But like any good science fiction, it's only a matter of time before some manner of it seeps into our reality. This week's Nature published the findings of researchers who managed to restore function to pigs' brains that were clinically dead. At least, what we once thought of as dead.

What's dead may never die, it seems

The researchers did not hail from House Greyjoy — "What is dead may never die" — but came largely from the Yale School of Medicine. They connected 32 pig brains to a system called BrainEx. BrainEx is an artificial perfusion system — that is, a system that takes over the functions normally regulated by the organ. The pigs had been killed four hours earlier at a U.S. Department of Agriculture slaughterhouse; their brains completely removed from the skulls.

BrainEx pumped an experiment solution into the brain that essentially mimic blood flow. It brought oxygen and nutrients to the tissues, giving brain cells the resources to begin many normal functions. The cells began consuming and metabolizing sugars. The brains' immune systems kicked in. Neuron samples could carry an electrical signal. Some brain cells even responded to drugs.

The researchers have managed to keep some brains alive for up to 36 hours, and currently do not know if BrainEx can have sustained the brains longer. "It is conceivable we are just preventing the inevitable, and the brain won't be able to recover," said Nenad Sestan, Yale neuroscientist and the lead researcher.

As a control, other brains received either a fake solution or no solution at all. None revived brain activity and deteriorated as normal.

The researchers hope the technology can enhance our ability to study the brain and its cellular functions. One of the main avenues of such studies would be brain disorders and diseases. This could point the way to developing new of treatments for the likes of brain injuries, Alzheimer's, Huntington's, and neurodegenerative conditions.

"This is an extraordinary and very promising breakthrough for neuroscience. It immediately offers a much better model for studying the human brain, which is extraordinarily important, given the vast amount of human suffering from diseases of the mind [and] brain," Nita Farahany, the bioethicists at the Duke University School of Law who wrote the study's commentary, told National Geographic.

An ethical gray matter

Before anyone gets an Island of Dr. Moreau vibe, it's worth noting that the brains did not approach neural activity anywhere near consciousness.

The BrainEx solution contained chemicals that prevented neurons from firing. To be extra cautious, the researchers also monitored the brains for any such activity and were prepared to administer an anesthetic should they have seen signs of consciousness.

Even so, the research signals a massive debate to come regarding medical ethics and our definition of death.

Most countries define death, clinically speaking, as the irreversible loss of brain or circulatory function. This definition was already at odds with some folk- and value-centric understandings, but where do we go if it becomes possible to reverse clinical death with artificial perfusion?

"This is wild," Jonathan Moreno, a bioethicist at the University of Pennsylvania, told the New York Times. "If ever there was an issue that merited big public deliberation on the ethics of science and medicine, this is one."

One possible consequence involves organ donations. Some European countries require emergency responders to use a process that preserves organs when they cannot resuscitate a person. They continue to pump blood throughout the body, but use a "thoracic aortic occlusion balloon" to prevent that blood from reaching the brain.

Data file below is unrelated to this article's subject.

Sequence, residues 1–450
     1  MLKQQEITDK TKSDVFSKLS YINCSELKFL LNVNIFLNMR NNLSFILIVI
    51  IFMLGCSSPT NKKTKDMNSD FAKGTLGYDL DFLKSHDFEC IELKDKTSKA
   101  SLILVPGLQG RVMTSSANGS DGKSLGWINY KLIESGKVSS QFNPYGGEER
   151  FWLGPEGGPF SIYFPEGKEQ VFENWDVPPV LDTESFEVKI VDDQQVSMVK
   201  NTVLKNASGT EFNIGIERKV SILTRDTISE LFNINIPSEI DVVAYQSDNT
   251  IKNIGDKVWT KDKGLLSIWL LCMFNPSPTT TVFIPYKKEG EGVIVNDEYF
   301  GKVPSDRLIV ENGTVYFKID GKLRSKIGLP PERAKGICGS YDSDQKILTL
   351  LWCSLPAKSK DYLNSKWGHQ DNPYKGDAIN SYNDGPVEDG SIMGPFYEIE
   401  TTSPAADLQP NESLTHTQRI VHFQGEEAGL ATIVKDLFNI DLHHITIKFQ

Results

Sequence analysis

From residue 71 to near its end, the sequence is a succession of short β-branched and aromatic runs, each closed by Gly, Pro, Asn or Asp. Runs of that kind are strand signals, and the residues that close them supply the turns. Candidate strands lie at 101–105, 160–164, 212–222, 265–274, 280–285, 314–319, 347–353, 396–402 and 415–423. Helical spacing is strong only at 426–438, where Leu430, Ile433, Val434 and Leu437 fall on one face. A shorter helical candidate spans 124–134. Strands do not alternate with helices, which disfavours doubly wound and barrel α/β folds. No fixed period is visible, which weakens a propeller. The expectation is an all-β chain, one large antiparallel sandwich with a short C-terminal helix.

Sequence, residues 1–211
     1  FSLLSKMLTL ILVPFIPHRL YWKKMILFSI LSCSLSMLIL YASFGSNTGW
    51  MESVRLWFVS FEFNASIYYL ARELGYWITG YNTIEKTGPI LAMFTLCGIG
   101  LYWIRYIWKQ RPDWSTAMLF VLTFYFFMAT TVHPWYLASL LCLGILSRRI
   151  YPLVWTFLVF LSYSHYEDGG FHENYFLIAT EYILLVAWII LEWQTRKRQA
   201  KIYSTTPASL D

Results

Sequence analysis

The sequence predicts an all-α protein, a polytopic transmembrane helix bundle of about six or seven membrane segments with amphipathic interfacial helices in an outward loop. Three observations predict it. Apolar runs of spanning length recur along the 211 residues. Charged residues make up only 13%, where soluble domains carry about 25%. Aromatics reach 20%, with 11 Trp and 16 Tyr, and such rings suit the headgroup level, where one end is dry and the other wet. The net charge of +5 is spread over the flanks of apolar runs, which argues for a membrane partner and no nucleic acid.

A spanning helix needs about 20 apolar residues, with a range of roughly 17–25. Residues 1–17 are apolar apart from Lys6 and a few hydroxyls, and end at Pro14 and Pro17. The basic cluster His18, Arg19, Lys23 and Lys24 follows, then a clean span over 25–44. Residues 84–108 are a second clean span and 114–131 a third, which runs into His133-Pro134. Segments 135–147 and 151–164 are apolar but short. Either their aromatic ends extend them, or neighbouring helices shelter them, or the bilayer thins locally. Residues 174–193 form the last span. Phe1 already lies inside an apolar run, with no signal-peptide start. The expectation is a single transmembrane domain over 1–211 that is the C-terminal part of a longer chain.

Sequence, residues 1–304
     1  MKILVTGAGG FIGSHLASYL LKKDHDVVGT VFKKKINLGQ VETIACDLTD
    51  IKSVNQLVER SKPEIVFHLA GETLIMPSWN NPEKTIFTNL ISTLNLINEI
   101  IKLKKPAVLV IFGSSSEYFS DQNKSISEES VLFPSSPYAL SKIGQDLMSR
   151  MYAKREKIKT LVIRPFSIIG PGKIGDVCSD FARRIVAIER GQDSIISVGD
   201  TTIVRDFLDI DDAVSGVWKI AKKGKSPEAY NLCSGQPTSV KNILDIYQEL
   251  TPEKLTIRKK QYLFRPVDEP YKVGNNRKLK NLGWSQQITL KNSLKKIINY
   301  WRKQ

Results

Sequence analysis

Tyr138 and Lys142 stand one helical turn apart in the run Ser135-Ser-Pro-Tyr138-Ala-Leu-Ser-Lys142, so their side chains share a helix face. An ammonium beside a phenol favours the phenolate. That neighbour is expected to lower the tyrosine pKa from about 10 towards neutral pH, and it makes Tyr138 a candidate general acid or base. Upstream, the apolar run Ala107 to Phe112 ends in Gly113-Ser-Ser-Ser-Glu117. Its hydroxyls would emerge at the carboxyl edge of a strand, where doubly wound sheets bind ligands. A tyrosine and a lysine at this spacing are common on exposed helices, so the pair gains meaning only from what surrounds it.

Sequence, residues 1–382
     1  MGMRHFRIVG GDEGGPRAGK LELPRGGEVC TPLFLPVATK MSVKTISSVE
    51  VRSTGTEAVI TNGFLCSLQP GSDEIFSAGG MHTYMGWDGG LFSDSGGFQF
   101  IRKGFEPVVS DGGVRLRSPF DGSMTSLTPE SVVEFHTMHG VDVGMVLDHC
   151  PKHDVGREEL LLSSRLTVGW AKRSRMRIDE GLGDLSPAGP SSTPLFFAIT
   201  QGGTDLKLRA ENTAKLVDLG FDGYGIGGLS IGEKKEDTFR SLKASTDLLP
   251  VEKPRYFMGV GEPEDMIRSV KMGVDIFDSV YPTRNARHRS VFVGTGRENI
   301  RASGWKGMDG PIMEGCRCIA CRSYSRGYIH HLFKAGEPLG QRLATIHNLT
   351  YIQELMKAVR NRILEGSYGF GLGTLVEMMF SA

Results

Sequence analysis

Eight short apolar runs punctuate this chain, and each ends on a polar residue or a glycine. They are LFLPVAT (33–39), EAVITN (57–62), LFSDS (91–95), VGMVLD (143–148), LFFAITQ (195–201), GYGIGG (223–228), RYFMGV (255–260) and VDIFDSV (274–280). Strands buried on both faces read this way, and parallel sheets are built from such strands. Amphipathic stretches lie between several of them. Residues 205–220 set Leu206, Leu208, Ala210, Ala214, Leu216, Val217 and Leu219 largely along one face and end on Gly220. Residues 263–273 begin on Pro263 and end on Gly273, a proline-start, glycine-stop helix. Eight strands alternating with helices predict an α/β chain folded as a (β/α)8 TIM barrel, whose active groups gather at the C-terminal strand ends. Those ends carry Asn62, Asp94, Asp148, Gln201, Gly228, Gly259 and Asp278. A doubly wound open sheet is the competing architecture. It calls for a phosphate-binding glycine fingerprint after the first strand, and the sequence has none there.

The system is already controversial because it raises concerns about what caused the patient's death. But what happens when brain death becomes readily reversible? Stuart Younger, a bioethicist at Case Western Reserve University, told Nature that if BrainEx were to become widely available, it could shrink the pool of eligible donors.

"There's a potential conflict here between the interests of potential donors — who might not even be donors — and people who are waiting for organs," he said.

It will be a while before such experiments go anywhere near human subjects. A more immediate ethical question relates to how such experiments harm animal subjects.

Ethical review boards evaluate research protocols and can reject any that causes undue pain, suffering, or distress. Since dead animals feel no pain, suffer no trauma, they are typically approved as subjects. But how do such boards make a judgement regarding the suffering of a "cellularly active" brain? The distress of a partially alive brain?

The dilemma is unprecedented.

Setting new boundaries

Another science fiction story that comes to mind when discussing this story is, of course, Frankenstein. As Farahany told National Geographic: "It is definitely has [sic] a good science-fiction element to it, and it is restoring cellular function where we previously thought impossible. But to have Frankenstein, you need some degree of consciousness, some 'there' there. [The researchers] did not recover any form of consciousness in this study, and it is still unclear if we ever could. But we are one step closer to that possibility."

She's right. The researchers undertook their research for the betterment of humanity, and we may one day reap some unimaginable medical benefits from it. The ethical questions, however, remain as unsettling as the stories they remind us of.

Ashes of cat named Pikachu to be launched into space

A space memorial company plans to launch the ashes of "Pikachu," a well-loved Tabby, into space.

GoFundMe/Steve Munt
Culture & Religion
  • Steve Munt, Pikachu's owner, created a GoFundMe page to raise money for the mission.
  • If all goes according to plan, Pikachu will be the second cat to enter space, the first being a French feline named Felicette.
  • It might seem frivolous, but the cat-lovers commenting on Munt's GoFundMe page would likely disagree.